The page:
This week, we're sharing projects from Tehran, Iran, to Durham, N.C., and from Amsterdam, to Singapore, with several stops in between. In addition to the projects that we give more detailed coverage, we like to highlight some of the work that architecture firms share with us every day through the Project Gallery—the user-generated portion of our site. So far, we have more than 14,000 projects, most of which were directly uploaded by firms to share with us and our readers.
In this weekly roundup, we showcase some of the coolest new projects to be added to the gallery—thanks to architects like you.
"The revamped studio transforms a cluttered, monofunctional broadcast area into an open, hi-tech, and multifunctional studio capable of providing a variety of set-ups to meet the department’s changing needs. Attentive space planning reorients the studio to create a direct connection from the building lobby and provides the studio director with clear supervision of visitors and working students. Increased transparency elevates the studio’s visibility by putting its innerworkings on display for students and passersby. Carefully selected and composed materials capture the capture the university’s brand, warm up the previously bare CMU walls, and reinforce spatial connections."
"The main materials of the building, like a ship’s hull, were limited to wood, steel, and glass. The floor plan of each apartment, referencing a ship’s layout, is organic and free-flowing, with step-inclines to spaces that are designed to envelop and ‘unfold’ as the inhabitant moves through it. One of the most important features of Freebooter is its use of light. GG-loop conducted a year-round study of light conditions to create the optimal shape and positioning of the structure’s louvers. This parametric facade enabled the optimal distribution of light while simultaneously allowing for an appropriate level of privacy."
"The project structure is a combination of a concrete core structure and metal trusses, with no other structural elements seen in space. The materials used in these two projects are wood and concrete, creating a dialogue between modern architecture and the context, as well as enhancing the connection between the two projects."
"A simple box with a single fold: its mass shifts at the third floor to share the sun with its neighbor (University of Cincinnati’s Digital Futures Building) while also letting light fill the pocket park between the two. Distinguished from the illuminated, white fins of its neighbor’s façade, the building adapts a simple, black metal panel system to generate impressive visual complexity. Unlit, the black panels shift to white, silver, and gold as they’re transformed by the light of the sun, ensuring pedestrians never have the same view twice."
"Facing the South China Sea, the Wormhole Library is located in Century Park along the Haikou Bay coastline. The intimately scaled structure is cast of white concrete as a unit. The curved concrete walls not only serve as organic architectural structure, but also connect the ceiling, the ground and the walls together. Holes of varying sizes allow the architecture to breathe and meanwhile let natural light flood the interior. The grey spaces of the exterior corridors provide shady spots for passers-by to stop and rest."
"Inspired by the family’s appreciation for music, we decided to use Chopin’s Nocturne Op.9 No. 2 score as a conceptual strategy for the design of the library. Like the musical notes, our vision was an array of floating planes suspended in the air via a series of thin structural members. This was achieved through the use of industry standard reinforced steel bars at 25mm and 13mm diameter welded together to form the base structure. A mezzanine deck constructed of lightweight perforated steel was further inserted between the upper and lower portions of the structural system. Finally, 63 pieces of 33mm solid white ash planks were bespoke with routed slots to rest onto the library structure without the need for any fixing to complete the library design."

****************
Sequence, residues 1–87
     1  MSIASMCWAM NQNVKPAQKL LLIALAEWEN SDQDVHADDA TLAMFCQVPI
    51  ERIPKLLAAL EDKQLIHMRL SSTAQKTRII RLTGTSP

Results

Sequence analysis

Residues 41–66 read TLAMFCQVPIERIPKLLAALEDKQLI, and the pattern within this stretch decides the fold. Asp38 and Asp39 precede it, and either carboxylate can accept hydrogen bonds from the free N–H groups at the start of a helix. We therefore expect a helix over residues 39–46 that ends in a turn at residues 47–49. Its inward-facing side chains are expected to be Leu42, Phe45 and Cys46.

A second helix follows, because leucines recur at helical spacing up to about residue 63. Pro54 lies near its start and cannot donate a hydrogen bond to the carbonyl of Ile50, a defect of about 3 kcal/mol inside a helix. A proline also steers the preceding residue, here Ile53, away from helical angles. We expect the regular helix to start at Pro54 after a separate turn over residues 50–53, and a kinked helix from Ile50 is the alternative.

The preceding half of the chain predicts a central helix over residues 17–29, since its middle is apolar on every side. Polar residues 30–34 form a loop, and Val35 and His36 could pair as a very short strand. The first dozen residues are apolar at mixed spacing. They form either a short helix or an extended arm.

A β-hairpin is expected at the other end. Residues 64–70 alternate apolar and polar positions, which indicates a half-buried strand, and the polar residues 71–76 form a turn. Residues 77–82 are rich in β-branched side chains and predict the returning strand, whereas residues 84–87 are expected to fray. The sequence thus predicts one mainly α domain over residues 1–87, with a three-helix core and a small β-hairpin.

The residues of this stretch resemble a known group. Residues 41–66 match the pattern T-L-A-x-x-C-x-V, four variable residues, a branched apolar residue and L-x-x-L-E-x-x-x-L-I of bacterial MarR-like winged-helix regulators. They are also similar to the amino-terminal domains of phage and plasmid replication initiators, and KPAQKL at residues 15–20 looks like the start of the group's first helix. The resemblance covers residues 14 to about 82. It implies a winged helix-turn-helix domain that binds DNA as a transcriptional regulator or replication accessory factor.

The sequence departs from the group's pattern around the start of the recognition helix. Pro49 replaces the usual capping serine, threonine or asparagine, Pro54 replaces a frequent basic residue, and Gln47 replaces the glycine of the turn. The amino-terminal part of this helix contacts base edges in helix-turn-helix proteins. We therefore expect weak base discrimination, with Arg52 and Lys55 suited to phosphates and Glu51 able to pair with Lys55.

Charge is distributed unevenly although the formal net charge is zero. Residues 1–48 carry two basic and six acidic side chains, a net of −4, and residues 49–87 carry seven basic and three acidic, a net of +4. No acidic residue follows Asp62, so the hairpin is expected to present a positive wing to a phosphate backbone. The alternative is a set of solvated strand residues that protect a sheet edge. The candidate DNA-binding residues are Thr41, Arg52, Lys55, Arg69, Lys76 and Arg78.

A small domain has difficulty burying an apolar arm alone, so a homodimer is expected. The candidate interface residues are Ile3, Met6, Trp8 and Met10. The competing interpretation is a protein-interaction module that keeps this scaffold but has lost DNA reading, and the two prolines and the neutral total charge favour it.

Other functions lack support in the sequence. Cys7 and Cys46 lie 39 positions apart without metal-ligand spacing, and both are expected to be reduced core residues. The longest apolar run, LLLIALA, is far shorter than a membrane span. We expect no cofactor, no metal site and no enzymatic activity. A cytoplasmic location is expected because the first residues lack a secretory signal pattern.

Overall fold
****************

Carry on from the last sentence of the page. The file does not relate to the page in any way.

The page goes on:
"Quilian Riano was the Urban Design Fellow in the first in a series of public space pilot projects under elevated structures in New York City. The first pilot, located beneath the Gowanus Expressway at 36th Street and 3rd Avenue in Sunset Park, will connect to the waterfront, increase environmental health, and enhance pedestrian safety for residents of Sunset Park and workers at Industry City and adjacent sites. It will test urban design strategies, replicable lighting and green infrastructure, and inform a future NYC Department of Transportation capital project at the site, as well as other future public spaces under elevated structures citywide."
"The vision of HAA was to introduce several low-rise / high-density buildings that would add the density the developer desired. Balancing the necessary density with balconies, roof terraces, and overhauling a historic alley for pedestrian programs, the HAA architects were organized into separate design and production teams in order to assure the creation of five, distinct building expressions. In fact, each building boasts a specific place-name (The Robertson, The Crawford, 2100 Trumbull & 2120 Trumbull and the 8th Street Row townhomes), tied to historic places and individuals."
Nestled into Columbus, Ohio’s Linden neighborhood, this three-bedroom, two-bath house is more than a residential project. It is the first Legacy House created by local firm Moody Nolan, one of 12 that the firm will build across the country and donate to a family experiencing homelessness—no strings attached. "We wanted to do something where we could say: ‘We built that and helped somebody who really needed it,’" says Moody Nolan cofounder and chairman of the board Curtis Moody, FAIA. Read more about the project, featured in ARCHITECT's August 2020 issue, here.
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